Job sculpting is the art of matching people to jobs that allow their deeply embedded life interests to be expressed. It is the art of forging a customized career path in order to increase the chance of retaining talented people. Make no mistake job sculpting is challenging; it requires managers to play both detective and psychologist. The reason: many people have only a dim awareness of their own deeply embedded life interests. They may have spent their lives fulfilling other people's expectations of them, or they may have followed the most common career advice: "Do what you're good at." For example, we know of a woman who, on the basis of her skill at chemistry in college, was urged to become a doctor. She complied and achieved great success as a neurologist, but at age 42 she finally quit to open a nursery school. She loved children, demonstrating a deeply embedded life interest in counseling and mentoring. And more important, as it turned out, she was also driven by a life interest in enterprise control, the desire to be in charge of an organization's overall operations. It was a long time before she stopped remarking, "All those years wasted."
Other people don't know their own deeply embedded life interests because they have taken the path of least resistance: "Well, my dad was a lawyer." Or they've simply been unaware of many career choices at critical points in their lives. Most college seniors and new MBAs set sail on their careers knowing very little about all the possible islands in the sea. And finally, some people end up in the wrong jobs because they have chosen, for reasons good and bad, to follow the siren songs of financial reward or prestige. Regardless of the reason, the fact is that a good number of people, at least up until midlife, don't actually know what kind of work will make them happy. (For more on the importance of life interests, abilities, and values in job satisfaction, see "It's a Matter of Degree.")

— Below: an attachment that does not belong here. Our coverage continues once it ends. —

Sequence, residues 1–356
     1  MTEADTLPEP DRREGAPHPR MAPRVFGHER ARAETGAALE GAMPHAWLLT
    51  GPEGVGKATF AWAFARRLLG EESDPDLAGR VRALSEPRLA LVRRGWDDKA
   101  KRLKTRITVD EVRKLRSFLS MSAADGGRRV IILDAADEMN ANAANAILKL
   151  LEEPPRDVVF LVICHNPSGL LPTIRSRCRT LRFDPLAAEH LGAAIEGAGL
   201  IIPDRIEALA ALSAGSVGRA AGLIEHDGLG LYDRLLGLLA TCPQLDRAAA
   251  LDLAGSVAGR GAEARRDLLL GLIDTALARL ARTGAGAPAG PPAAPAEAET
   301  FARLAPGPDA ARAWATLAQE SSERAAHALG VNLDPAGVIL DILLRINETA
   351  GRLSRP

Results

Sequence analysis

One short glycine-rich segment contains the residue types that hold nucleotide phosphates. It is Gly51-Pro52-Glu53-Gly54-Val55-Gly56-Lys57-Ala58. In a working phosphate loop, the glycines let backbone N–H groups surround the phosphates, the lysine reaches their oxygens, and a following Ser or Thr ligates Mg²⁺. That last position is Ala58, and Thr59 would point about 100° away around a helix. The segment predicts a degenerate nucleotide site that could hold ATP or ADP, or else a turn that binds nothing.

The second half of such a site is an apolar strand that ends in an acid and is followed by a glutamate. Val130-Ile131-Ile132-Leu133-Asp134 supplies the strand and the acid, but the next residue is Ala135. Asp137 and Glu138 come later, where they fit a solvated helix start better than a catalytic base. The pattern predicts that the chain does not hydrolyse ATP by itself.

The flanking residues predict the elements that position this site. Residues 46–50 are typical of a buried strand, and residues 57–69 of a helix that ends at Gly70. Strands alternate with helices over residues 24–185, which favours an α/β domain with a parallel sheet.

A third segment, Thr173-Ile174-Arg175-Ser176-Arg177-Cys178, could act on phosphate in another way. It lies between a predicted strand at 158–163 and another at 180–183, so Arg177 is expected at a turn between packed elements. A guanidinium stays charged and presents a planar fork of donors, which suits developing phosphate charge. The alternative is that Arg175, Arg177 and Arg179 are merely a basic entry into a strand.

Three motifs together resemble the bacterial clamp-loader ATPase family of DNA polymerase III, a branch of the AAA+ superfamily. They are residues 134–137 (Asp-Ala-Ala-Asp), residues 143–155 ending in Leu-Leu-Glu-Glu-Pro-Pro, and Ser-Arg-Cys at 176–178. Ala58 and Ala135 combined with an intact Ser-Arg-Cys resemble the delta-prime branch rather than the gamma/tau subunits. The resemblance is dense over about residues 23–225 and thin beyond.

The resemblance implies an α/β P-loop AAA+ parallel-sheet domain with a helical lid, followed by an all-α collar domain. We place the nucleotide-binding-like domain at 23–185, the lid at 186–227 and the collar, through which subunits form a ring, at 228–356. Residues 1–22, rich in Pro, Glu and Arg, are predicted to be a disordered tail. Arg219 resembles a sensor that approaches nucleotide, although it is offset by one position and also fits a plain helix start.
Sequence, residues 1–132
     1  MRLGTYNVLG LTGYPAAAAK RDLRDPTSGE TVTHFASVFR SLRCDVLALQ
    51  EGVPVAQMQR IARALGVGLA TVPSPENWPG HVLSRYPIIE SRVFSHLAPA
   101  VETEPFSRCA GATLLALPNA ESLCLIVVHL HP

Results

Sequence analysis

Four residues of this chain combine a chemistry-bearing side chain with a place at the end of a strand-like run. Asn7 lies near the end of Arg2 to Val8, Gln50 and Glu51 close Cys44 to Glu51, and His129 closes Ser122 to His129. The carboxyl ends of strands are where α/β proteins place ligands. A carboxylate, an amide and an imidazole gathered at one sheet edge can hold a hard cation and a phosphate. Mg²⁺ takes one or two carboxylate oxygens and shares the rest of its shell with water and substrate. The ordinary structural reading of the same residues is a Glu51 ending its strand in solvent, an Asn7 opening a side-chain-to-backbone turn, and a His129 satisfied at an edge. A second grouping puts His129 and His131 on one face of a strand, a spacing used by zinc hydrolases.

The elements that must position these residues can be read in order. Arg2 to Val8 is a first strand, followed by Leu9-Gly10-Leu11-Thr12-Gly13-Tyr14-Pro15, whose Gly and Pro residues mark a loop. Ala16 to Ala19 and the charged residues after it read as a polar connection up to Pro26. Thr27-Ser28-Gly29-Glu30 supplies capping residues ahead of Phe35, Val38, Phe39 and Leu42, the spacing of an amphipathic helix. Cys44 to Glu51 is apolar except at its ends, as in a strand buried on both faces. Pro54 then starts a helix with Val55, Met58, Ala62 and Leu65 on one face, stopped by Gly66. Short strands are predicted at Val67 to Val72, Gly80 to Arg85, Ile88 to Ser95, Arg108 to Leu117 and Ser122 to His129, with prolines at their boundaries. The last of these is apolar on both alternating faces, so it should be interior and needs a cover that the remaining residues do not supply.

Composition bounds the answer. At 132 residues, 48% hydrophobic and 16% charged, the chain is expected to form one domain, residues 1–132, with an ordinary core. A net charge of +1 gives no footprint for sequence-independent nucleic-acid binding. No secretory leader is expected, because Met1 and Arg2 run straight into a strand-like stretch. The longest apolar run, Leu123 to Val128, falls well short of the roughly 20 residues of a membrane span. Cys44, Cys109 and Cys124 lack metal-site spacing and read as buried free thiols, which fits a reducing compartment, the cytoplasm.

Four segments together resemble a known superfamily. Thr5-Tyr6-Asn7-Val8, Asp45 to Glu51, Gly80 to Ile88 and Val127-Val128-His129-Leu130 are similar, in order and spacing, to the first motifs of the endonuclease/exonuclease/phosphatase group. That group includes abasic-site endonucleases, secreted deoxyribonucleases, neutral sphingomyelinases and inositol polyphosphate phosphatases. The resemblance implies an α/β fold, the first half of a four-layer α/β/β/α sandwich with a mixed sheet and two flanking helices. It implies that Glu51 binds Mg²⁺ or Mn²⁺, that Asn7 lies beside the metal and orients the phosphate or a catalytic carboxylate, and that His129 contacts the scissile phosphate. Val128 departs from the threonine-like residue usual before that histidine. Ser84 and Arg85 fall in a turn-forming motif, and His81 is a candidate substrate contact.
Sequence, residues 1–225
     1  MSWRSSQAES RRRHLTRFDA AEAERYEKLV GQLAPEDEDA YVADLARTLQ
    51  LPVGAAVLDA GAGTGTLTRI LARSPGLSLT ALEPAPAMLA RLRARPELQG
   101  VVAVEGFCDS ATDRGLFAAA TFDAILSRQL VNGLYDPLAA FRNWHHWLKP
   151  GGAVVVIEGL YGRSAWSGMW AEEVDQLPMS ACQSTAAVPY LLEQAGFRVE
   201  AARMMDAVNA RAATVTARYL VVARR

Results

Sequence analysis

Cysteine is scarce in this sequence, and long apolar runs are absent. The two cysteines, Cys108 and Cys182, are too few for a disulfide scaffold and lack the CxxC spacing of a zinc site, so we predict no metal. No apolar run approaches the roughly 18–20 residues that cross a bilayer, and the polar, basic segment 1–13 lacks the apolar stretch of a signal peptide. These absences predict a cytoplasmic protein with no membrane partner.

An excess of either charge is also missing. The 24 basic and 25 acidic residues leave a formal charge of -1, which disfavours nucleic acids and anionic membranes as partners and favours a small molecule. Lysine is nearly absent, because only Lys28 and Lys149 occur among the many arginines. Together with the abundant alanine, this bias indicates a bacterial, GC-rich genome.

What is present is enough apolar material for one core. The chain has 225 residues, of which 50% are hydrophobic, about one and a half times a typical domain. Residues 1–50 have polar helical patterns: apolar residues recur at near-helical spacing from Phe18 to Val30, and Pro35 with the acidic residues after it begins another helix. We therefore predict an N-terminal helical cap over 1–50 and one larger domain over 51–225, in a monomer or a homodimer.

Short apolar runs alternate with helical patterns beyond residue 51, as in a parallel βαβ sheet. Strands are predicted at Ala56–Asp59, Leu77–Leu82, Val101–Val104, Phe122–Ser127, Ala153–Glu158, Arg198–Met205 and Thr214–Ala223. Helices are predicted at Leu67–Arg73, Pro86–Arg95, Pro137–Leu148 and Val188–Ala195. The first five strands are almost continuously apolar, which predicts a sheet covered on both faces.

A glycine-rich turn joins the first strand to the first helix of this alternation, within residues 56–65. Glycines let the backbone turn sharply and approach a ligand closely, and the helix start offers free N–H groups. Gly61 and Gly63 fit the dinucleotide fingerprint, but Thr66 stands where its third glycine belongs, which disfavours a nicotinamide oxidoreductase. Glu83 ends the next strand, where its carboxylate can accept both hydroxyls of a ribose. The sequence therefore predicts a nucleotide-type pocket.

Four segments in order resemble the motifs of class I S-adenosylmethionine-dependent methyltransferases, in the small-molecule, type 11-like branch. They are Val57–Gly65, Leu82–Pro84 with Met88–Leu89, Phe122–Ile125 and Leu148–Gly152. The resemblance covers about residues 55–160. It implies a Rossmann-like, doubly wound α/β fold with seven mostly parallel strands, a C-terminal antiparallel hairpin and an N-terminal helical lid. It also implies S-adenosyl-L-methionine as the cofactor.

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<I>CareerLeader</I> and the Business Career Interest Inventory
The eight life interests identified by Timothy Butler and James Waldroop as a key tool for managers to retain their best employees can be equally valuable for employees themselves. Codified as the Business Career Interest Inventory (BCII), these interests lie at the core of the online business career self-assessment program Butler and Waldroop call CareerLeader.
The BCII model distinguishes itself from other career interest models in that it is activity-based, rather than based on general interest patterns. It's founded on the notion that interests, not skills, should be the foundation of peoples' careers. The BCII provides a measure of interest patterns as they apply to business work roles and work environments in the following core function areas:
- Application of Technology measures interests that are often associated with engineering, production, operations, and the general use of technology to accomplish business objectives
- Quantitative Analysis measures interests that are realized through problem-solving that relies on mathematical analysis
- Theory Development and Conceptual Thinking measures interests involving broadly conceptual approaches to business problems